By Stephen Van Kuiken
Why is it that some folks can't just disagree but need to condemn? I've experienced this within the church by being removed and defrocked by the Presbytery of Cincinnati. And now I've been judged "unfit" by newspaper columnist, Peter Bronson (Aug. 10). For the record, I have been temporarily "re-frocked" with a stay of enforcement while the Synod of the Covenant (Michigan and Ohio) hears my case against the Presbytery's action.
Mr. Bronson and others say, "The Bible is unambiguous." End of conversation. Don't let the door hit you on your way out.
Where have we heard this before? When Galileo audaciously asserted that the earth revolves around the sun and not vice versa, he was condemned for heresy. "The Bible is unambiguous," they said.
Similarly, the Bible was "unambiguous" to those who supported slavery and racial segregation. Also, anyone who divorced, no matter how abusive or painful the situation, was "clearly" sinful and wrong according to the Scriptures. Theories of evolution and a universe more than 4,000 years old were "obviously" contrary to the Bible and rejected.
The Bible "unambiguously" says that women are not to teach or have authority over men. They must keep silent. In 1 Timothy 3 and Titus 1 an elder (or bishop) "must be the husband of one wife." In other words, he must be male.
Yet mainline churches decided to move beyond the literal level of those passages and ordain women. And when they did, they didn't call that ordination by a different name. They didn't use a second-class ceremony.
What happened? The words of the Bible didn't change, but our understanding of the world and women changed the way we interpreted those words. Women were considered less than men. They had lower status and derived their identity from the male to whom they were attached. They were property, the possession of the man. They were second-class. But this view has changed and so has our interpretation.
In the same way, the Bible refers to marriage as something between a man and a woman, and many feel it is time to move beyond the literal level of those verses. Just as women were considered second-class, so were same-sex relationships. There is a growing understanding today that the love between two women or two men can be just as real, just as true, just as faithful and just as good as the love between a man and a woman. It is not second-class but fully blessed by God.
Today, traditionally moderate denominations use broader methods of biblical interpretation on many issues, but they are still locked into a narrow and literalistic interpretation regarding sexual orientation. It is a double standard not to be able to use similar methods of interpretation when it involves our gay and lesbian members and their gifts for love and leadership.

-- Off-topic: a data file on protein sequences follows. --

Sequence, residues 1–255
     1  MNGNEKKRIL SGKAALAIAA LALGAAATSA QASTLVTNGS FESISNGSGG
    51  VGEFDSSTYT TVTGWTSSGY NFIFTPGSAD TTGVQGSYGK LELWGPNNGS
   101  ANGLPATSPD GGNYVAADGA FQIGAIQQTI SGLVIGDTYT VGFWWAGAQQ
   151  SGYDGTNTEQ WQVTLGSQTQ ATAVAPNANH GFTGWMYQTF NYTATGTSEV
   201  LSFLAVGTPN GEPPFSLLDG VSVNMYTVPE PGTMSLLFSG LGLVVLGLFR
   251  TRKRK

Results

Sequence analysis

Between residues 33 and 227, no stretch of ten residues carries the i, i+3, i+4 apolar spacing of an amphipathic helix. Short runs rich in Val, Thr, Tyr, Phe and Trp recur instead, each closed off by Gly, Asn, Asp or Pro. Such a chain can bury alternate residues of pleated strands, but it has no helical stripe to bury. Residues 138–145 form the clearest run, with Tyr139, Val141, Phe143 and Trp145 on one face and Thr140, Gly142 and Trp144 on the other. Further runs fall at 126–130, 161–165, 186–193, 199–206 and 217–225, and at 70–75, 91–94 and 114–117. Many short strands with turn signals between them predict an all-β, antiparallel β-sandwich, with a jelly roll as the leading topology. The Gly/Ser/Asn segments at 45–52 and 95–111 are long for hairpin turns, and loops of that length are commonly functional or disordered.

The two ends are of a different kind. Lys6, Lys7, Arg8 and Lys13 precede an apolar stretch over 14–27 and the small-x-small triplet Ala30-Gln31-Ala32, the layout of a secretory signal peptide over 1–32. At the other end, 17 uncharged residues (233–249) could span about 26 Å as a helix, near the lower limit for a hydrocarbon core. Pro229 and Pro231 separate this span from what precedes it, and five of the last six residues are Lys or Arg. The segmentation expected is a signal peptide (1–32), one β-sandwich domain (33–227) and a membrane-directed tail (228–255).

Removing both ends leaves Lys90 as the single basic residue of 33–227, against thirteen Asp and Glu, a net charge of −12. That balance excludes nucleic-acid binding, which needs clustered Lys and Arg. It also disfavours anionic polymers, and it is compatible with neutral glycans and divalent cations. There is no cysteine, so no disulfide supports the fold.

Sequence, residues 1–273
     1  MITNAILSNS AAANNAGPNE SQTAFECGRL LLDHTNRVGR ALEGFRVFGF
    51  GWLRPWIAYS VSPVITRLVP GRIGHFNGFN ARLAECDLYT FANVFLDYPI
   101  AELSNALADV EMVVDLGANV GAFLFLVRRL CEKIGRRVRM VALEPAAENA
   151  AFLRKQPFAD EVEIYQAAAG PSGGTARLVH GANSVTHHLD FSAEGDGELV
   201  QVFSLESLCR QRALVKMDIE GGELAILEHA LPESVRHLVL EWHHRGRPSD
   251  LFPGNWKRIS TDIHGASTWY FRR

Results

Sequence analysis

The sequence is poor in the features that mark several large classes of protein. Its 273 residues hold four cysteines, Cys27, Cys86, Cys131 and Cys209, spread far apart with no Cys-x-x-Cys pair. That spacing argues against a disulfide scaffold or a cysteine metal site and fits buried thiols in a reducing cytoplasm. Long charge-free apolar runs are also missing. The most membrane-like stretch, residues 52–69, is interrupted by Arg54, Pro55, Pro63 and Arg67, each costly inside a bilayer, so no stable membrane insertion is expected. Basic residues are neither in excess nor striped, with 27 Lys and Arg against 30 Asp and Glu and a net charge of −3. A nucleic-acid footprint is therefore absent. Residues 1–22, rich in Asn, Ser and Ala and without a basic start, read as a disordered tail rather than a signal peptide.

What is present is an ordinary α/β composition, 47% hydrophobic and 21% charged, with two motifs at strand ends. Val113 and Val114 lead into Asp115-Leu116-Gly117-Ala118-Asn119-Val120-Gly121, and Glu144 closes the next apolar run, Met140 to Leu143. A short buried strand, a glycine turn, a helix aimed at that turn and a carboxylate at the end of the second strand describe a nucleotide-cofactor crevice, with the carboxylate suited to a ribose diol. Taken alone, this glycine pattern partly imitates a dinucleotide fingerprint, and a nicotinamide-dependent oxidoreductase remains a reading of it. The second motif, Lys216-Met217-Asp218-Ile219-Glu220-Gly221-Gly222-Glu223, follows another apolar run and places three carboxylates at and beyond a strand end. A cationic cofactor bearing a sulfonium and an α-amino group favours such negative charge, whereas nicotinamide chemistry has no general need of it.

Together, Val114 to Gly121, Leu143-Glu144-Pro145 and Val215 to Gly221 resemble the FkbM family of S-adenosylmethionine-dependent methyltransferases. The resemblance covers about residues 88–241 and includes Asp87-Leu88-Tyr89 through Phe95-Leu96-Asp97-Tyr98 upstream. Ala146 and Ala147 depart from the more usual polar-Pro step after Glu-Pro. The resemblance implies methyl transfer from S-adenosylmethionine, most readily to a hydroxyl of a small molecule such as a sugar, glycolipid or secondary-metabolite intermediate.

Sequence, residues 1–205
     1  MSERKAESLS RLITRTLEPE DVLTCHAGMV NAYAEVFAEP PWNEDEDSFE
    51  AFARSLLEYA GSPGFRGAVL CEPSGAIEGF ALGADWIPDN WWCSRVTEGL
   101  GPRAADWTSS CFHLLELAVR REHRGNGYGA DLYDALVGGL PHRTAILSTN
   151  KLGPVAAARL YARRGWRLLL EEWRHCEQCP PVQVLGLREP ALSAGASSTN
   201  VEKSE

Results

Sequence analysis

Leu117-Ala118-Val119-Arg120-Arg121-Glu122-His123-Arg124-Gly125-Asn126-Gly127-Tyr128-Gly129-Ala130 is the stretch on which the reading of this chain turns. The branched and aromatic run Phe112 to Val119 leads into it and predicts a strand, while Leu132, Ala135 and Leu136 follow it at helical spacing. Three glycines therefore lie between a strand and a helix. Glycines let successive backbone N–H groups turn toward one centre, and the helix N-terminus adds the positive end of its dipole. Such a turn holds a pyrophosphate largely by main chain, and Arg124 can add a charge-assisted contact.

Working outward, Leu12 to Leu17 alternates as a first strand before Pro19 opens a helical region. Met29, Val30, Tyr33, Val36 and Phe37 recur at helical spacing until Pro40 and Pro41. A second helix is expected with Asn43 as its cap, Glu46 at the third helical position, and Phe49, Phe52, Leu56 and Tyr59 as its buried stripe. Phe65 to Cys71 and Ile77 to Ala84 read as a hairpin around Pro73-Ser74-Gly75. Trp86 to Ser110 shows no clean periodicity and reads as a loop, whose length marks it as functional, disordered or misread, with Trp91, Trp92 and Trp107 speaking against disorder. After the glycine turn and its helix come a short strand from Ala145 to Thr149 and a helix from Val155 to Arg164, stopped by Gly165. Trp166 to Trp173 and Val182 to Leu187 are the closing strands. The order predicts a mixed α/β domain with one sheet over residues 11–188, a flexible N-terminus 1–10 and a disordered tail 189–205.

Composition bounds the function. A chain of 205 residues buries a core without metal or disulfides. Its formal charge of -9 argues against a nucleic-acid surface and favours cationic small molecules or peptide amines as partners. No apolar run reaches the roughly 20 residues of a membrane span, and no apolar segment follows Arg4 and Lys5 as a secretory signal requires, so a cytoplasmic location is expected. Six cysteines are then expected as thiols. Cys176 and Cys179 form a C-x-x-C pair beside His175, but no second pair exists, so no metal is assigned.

Thankfully, the Episcopal Church has broken this double standard and enabled its members to be more consistent with the election of Bishop Gene Robinson.
By the way, I've noticed some things about those for whom the Bible is unambiguous. First, they are usually the ones who "know" what the Bible says. Second, they often do not experience the suffering inflicted by their view.
Jesus, himself, was accused of violating what the Scriptures "unambiguously" said. He set aside cultural, gender and ethnic barriers; he associated with the wrong kind of people; he didn't make the appropriate distinctions; and he challenged and replaced a religious worldview based on purity with one based upon compassion.
For his critics, Jesus had some strong words: "You have neglected the weightier matters of the law - justice, mercy and faith." You're missing the whole point, he said, "straining out a gnat but swallowing a camel!" He held out God's love and healing presence for all people. As the apostle Paul put it, "the written code kills, but the Spirit gives life."
Jesus knew how the letter of the law could kill. He keenly felt the pain inflicted upon those in the name of Scripture. In spite of the consequences, Jesus followed the life-giving Spirit that is behind the words.
And in our own imperfect way, we're simply trying to do the same.
Stephen Van Kuiken is the former pastor of Mount Auburn Presbyterian Church.
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